Skip to main content

Transcript: Darrell Moody on Da'Norris Searcy

Opening statement:

Da'Norris Searcy is a strong safety. he could play free safety if he had to and he's played nickel for them. He's also returned for them as an emergency returner.  He gives you a lot of versatility and he gives you some size.  He's a good athlete that can also be a good (special) teams player for you.

On the academic scandal that involved players at North Carolina:

Out of all the kids at North Carolina that were involved in the academic stuff, he was a kid, to put it bluntly, I probably shouldn't say - he got screwed.  He missed the first three games and they looked into and started checking academics and everything.  There was something there they wanted to check they had questions about. They wouldn't let him play until they got it solved.  The problem was the professor was out of the country and they couldn't get it taken care of until he got back.  There was nothing to it, so he technically, of all the kids at North Carolina, got a raw deal.  He shouldn't have missed any games at all. 

On him not being a part of the academic scandal:

They checked academics about a paper, and the way it turned out there was nothing to it. But they were reluctant to do anything until they got to the end of it. With the professor being out of the country, they couldn't get to him until he got back and he missed three games as a result of it. He shouldn't have missed any.

On him being labeled a strong safety:

The way you play safety now with the way offenses play, the offense can make your strong safety play free safety and make your free safety play strong safety.  So as a result of it, he's played both.  If you had your ideal situation, he would be a strong safety.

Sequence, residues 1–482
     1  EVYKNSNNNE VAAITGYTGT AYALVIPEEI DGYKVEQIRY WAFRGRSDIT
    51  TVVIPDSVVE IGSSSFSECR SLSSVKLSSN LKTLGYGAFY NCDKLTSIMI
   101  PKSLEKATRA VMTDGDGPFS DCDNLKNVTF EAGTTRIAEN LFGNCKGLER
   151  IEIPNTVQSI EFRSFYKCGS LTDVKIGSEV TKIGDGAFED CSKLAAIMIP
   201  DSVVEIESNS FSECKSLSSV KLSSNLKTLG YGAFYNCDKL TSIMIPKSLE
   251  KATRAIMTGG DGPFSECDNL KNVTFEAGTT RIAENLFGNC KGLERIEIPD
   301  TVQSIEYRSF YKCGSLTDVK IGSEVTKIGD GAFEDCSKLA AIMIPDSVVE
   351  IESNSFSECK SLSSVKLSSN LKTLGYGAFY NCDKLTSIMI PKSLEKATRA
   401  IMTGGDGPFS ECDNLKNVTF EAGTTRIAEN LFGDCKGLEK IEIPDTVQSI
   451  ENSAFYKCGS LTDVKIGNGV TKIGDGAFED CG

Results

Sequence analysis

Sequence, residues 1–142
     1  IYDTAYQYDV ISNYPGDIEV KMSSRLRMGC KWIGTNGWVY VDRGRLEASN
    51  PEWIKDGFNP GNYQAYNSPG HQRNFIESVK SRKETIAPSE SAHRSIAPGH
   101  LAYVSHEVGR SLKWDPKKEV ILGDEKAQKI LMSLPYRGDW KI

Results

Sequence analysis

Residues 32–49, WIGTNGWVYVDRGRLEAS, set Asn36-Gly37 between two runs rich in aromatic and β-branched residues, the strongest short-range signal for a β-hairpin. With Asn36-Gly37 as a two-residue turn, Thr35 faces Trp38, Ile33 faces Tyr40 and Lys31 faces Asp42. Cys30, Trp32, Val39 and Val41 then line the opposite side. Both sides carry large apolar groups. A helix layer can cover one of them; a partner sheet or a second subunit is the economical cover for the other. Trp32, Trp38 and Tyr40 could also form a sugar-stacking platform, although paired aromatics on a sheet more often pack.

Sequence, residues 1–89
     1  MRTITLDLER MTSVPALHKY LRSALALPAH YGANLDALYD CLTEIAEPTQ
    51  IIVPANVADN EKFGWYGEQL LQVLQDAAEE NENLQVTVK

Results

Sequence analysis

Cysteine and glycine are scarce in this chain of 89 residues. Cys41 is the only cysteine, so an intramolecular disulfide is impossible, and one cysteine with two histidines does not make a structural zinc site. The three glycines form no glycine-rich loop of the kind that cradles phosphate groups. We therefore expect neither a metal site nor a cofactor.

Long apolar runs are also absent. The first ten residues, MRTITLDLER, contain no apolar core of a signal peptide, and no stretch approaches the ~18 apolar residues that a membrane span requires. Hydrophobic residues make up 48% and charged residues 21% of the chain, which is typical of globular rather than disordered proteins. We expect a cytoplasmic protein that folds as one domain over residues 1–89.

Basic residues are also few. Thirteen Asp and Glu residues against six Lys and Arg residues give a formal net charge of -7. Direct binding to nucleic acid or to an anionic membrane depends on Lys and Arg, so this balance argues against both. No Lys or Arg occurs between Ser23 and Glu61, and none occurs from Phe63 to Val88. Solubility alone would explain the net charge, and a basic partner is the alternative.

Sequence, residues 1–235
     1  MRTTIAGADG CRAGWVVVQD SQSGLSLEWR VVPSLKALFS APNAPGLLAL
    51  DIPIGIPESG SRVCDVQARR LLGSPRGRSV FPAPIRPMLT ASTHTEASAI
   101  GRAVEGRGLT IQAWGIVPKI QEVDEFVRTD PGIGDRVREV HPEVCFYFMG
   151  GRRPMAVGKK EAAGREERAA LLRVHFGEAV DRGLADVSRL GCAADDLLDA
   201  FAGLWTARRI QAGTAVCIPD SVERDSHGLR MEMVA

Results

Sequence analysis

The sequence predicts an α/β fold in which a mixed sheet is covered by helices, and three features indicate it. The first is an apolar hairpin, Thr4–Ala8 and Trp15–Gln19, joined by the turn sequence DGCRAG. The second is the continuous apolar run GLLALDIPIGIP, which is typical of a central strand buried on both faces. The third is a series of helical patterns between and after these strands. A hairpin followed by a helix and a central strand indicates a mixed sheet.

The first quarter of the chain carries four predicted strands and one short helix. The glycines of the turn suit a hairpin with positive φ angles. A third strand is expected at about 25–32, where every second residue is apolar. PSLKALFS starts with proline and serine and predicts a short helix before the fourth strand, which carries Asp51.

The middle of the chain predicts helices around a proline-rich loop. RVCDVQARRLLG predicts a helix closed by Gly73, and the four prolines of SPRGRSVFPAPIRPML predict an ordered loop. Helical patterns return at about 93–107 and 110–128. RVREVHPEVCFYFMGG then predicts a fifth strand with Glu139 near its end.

On the importance of his versatility in the defensive backfield:

If offenses in college can make a strong safety play free safety, you can rest assured that the offenses in the pros can do that same thing and will do the same thing.  I don't know in this day and age that you can have a pure strong safety or a pure free safety. They've got to be able to do both.  Usually they're better at one than the other, but if they can't do both they're going to get exposed.

On his 40-yard dash time:

I think it was the low 4.5's.  I couldn't swear it to you, but I think it was the mid to low 4.5's.  He's got good feet, he's got good hips and he plays fast.  He's a good-sized safety that can get in the box against the run.  He's a 225-pound safety.

On his bench press:

That can be deceiving, but he's strong enough.

This article has been reproduced in a new format and may be missing content or contain faulty links. Please use the Contact Us link in our site footer to report an issue.